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  • Writer's picturePekaj Group Pty Ltd.

Should We Name and Shame Companies Who Do Not Honour Their Payment Obligations?

Updated: Jan 20

As a contractor operating in the construction industry in Australia, you might have encountered a few clients who failed to pay for your completed services. This is a widespread issue faced by many in the industry and can negatively affect the financial stability of your business. But the question remains, should we publicly name and shame these companies who do not honour their payment obligations?

The Master Builders Association (MBAV) recently conducted a study revealing that the average payment time for construction projects in Australia is 33 days. Unfortunately, 14% of contractors are forced to wait more than 60 days to receive payment. This highlights the severity of the payment delay issue in the industry. Late payments not only affect a contractor's cash flow but also puts pressure on their ability to pay suppliers, staff, and other contractors.

One approach to addressing this issue is to publicly name and shame companies who don't pay for completed services. This strategy has been embraced by a number of organisations in the construction industry to bring attention to the problem and prompt companies to pay promptly. The aim is to create a public record of these companies and inform other contractors about their payment practices. This allows contractors to make informed decisions about who they choose to work with and avoid doing business with unreliable clients. For example, in 2018, the Australian Subcontractors Alliance launched the ‘Name and Shame’ campaign, publicly naming companies with a history of not paying subcontractors for completed work.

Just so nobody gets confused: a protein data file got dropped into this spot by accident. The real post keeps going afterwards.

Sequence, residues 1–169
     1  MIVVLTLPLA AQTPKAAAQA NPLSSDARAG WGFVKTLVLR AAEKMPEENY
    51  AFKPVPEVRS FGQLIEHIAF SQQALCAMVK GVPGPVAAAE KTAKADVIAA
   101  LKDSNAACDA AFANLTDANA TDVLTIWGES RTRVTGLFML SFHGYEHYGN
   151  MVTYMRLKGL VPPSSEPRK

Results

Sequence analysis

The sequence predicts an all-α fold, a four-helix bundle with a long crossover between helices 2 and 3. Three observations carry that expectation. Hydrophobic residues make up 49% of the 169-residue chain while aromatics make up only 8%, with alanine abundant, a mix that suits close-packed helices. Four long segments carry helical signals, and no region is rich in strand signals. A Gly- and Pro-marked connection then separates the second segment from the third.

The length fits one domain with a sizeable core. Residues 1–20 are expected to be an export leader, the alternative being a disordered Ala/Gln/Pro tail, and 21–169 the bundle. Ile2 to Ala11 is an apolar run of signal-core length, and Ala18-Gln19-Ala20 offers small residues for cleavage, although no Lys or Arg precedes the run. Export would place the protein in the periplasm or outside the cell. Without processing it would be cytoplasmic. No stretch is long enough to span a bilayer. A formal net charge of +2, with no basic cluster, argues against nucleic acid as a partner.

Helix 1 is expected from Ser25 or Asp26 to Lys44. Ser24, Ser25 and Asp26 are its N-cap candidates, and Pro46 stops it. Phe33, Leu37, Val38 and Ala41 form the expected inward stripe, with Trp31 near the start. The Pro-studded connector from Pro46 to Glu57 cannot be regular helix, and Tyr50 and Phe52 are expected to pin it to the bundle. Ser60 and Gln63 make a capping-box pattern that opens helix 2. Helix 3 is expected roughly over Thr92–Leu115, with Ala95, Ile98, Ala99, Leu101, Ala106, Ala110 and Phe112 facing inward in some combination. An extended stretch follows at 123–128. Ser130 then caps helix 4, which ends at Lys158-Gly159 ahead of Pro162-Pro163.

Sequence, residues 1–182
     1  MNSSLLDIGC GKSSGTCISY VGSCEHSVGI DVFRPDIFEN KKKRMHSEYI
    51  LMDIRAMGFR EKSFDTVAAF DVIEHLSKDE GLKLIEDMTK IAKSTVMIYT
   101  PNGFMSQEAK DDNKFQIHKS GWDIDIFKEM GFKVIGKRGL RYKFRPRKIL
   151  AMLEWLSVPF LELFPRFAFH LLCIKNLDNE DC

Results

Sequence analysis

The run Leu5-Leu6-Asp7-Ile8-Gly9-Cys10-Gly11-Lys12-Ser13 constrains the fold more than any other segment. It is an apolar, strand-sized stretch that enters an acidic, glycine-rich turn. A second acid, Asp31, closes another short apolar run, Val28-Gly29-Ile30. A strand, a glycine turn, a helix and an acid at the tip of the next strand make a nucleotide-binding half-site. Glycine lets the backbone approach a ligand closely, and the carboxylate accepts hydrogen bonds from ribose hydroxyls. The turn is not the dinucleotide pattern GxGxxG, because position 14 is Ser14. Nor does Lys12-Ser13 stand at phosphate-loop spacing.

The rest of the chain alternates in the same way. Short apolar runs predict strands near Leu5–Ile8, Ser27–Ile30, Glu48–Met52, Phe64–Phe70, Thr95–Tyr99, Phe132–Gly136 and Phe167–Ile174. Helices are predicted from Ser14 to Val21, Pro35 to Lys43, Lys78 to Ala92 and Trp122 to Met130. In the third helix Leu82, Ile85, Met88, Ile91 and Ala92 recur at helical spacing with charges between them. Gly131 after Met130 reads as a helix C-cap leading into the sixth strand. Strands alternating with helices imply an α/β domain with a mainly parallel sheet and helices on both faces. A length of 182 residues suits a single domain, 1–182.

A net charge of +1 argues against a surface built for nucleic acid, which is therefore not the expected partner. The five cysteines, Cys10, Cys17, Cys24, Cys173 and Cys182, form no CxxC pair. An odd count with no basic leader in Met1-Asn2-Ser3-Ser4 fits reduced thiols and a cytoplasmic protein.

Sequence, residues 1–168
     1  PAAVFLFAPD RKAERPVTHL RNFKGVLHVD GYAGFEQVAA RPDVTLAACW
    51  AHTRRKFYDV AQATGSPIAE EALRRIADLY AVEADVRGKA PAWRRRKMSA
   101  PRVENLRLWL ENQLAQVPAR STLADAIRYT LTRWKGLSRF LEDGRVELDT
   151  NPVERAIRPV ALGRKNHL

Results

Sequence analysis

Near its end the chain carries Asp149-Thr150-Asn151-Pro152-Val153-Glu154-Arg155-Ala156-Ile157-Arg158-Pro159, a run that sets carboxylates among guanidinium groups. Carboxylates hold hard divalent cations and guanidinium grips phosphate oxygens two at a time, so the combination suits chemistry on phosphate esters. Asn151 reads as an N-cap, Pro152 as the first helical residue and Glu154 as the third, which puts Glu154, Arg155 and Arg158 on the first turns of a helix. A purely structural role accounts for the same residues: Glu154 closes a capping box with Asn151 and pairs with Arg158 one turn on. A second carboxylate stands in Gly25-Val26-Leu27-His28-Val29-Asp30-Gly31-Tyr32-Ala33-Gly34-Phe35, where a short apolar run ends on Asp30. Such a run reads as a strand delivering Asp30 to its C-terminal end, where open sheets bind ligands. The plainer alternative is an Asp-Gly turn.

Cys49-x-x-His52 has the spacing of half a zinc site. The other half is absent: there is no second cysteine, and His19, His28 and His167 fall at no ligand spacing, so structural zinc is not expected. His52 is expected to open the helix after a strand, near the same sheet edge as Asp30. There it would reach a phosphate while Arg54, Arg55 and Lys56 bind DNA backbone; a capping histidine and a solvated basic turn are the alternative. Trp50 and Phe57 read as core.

However, there are also arguments against naming and shaming companies in the construction industry. Some fear that this approach could lead to legal battles, as companies may take offence and claim that their reputation has been damaged. Furthermore, naming and shaming may not always result in payment, and could lead to further disputes or payment delays. For example, in 2019, a contractor in Victoria was sued by a developer for naming and shaming them in a public forum for failing to pay for completed services. The case was eventually settled out of court, but it highlights the legal risks associated with officially naming and shaming companies.

In conclusion, there is no one solution to the problem of late payment in the construction industry in Australia. While naming and shaming companies who don't pay for services rendered may have some advantages, it also has the potential to cause further problems. It is up to each contractor to determine whether this approach is appropriate for them. If you are considering naming and shaming, it is important to seek legal advice and understand the potential consequences before taking any action.


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